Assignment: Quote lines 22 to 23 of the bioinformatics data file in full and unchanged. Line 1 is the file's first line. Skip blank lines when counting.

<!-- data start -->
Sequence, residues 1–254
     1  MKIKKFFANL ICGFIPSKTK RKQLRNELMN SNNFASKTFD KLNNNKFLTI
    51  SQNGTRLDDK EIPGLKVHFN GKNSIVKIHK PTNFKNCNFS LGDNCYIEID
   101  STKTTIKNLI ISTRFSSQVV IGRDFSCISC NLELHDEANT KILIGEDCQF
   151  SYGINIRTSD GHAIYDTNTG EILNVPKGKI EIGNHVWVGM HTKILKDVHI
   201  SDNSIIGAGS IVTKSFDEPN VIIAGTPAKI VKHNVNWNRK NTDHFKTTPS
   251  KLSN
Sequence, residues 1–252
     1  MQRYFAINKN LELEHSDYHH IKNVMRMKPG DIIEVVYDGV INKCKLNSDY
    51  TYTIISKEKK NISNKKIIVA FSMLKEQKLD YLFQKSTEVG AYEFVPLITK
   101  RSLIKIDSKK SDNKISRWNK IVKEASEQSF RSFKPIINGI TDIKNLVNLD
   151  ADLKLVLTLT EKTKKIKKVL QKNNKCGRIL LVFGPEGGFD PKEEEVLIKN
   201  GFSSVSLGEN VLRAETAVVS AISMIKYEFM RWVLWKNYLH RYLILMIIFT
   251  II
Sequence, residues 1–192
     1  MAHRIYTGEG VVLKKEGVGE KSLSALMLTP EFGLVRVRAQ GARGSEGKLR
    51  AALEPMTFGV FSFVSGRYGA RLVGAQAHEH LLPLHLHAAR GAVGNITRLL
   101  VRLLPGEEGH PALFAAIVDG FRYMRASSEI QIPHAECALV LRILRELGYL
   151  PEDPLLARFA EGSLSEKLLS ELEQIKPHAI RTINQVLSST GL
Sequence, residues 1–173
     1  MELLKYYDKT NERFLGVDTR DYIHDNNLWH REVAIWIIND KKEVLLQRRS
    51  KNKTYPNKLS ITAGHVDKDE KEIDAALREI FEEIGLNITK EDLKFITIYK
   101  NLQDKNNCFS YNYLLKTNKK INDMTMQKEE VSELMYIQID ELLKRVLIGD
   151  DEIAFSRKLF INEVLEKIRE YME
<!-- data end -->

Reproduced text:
    51  KNKTYPNKLS ITAGHVDKDE KEIDAALREI FEEIGLNITK EDLKFITIYK
   101  NLQDKNNCFS YNYLLKTNKK INDMTMQKEE VSELMYIQID ELLKRVLIGD